Bret Lewis, Ph.D, Arizona State University
Henry Luce Foundation Exchange Student 2010
Established in 2000–2001, the Center for Religious and Cross-cultural Studies (CRCS) is the only master’s level religious studies program at a non-religiously
affiliated university in Indonesia. In many respects, the program is experimental, operating within the dynamic political and religious environment of the Muslim world’s youngest and largest democracy. Like other large democracies such as India or the United States, the Indonesian government and courts have their challenges and opportunities in navigating a multiplicity of religions. In Indonesia, this took on particular urgency in the context of religiously-charged conflict in the 1990’s and early 2000’s which helped lead to the establishment of the CRCS. This paper seeks to explore how students and key faculty relate to the program’s mission and approach to the study of religion while tracing the development of religious studies as a discipline in Indonesia. Special attention is paid to the political and, at times, controversial aspects of approaching religion with secular and pluralistic frameworks and language. It was informed by interviews and surveys conducted between January and May of 2010.
What constitutes the study of religion varies according to specific political, social, and culturalcontexts. Indonesia is no exception and, correspondingly, this paper
explores the challenges and possibilities of religious studies in the world’s most populous Muslim country and overall fourth largest nation. This paper is based on my experiences and survey data collected in the spring of 2010 as a Luce Fellow at the Center for Religious and Cross-cultural Studies (CRCS) in Yogyakarta, Indonesia. It was my good fortune to spend four months in Indonesia engaging with faculty, associates, and students at this master’s level program. What I found was an impressive attempt to apply the tools acquired and skills developed in the academic study of religion to very real social and political challenges. The program at CRCS, while fully academic in its goals, integrates in unique ways the tensions between Muslim dominance and respect for a variety of religious traditions. This mission has not, however, been free of controversy or challenges. Some are suspicious of CRCS’s western methods and secular connotations due in part to the historical legacy of Dutch colonialism, compounded by contemporary debates about select U.S. and European foreign policy measures such as those enacted post 9/11. In addition, critics have interpreted an ideological pluralism at work that, they fear, suggests “all religions are equal” in ways that threaten not only certain truth claims and student piety but also call into question their view of Indonesia’s special relationship with Islam. In its defense, the CRCS sees its mission not to relativize but rather to strengthen the democratic principles of the country. This would include an equal respect for minority viewpoint and the academic freedom to investigate and document the country’s rich religious diversity. Rather than endorsing a rigid secular model (for example, one that seeks to sideline religion’s public role) the CRCS sees religion as a galvanizing force that should build upon religion’s moral and communal frameworks in contributing to areas such as minority religious rights, public health, disaster relief, and environmental policy. This paper sets out to describe how the CRCS navigates the concerns of its critics while pursuing its mission.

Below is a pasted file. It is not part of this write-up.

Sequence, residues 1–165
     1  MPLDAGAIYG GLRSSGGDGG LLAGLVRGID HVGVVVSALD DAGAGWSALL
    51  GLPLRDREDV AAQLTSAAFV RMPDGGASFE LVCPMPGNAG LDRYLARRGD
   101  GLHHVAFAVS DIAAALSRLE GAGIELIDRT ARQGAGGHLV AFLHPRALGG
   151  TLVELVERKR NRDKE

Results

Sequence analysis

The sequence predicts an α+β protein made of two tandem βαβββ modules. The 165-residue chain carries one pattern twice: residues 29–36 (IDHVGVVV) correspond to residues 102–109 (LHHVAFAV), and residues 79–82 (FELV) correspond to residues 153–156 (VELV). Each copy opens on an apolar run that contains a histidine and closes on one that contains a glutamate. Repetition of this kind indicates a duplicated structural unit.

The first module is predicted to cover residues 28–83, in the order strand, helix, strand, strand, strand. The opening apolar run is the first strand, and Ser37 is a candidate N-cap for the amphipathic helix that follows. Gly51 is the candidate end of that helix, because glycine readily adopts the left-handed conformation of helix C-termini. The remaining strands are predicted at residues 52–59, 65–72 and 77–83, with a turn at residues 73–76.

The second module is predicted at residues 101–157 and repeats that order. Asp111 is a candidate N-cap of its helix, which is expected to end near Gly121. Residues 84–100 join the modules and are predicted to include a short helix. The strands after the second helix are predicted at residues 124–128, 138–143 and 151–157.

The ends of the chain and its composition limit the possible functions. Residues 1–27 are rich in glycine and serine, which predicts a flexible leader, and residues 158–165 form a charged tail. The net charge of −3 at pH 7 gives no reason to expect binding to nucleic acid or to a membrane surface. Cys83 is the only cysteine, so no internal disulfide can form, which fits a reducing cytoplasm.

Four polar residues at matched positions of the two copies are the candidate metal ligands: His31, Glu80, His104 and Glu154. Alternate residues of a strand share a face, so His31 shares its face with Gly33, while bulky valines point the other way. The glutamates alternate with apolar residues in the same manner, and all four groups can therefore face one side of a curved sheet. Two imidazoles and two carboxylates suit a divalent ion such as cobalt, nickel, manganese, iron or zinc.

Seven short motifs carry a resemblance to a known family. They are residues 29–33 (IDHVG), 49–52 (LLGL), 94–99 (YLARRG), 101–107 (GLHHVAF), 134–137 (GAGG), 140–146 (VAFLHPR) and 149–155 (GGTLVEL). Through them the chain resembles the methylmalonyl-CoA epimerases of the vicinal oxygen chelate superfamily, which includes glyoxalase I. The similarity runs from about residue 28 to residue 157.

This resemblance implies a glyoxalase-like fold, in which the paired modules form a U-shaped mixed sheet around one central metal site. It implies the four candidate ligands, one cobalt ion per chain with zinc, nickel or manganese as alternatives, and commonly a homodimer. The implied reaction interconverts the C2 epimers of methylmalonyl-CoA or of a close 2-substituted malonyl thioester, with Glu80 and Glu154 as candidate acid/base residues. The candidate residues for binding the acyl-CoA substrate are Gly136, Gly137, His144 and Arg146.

Full Article (pdf) available at http://onlinelibrary.wiley.com/doi/10.1111/j.1467-9647.2012.00803.x/abstract
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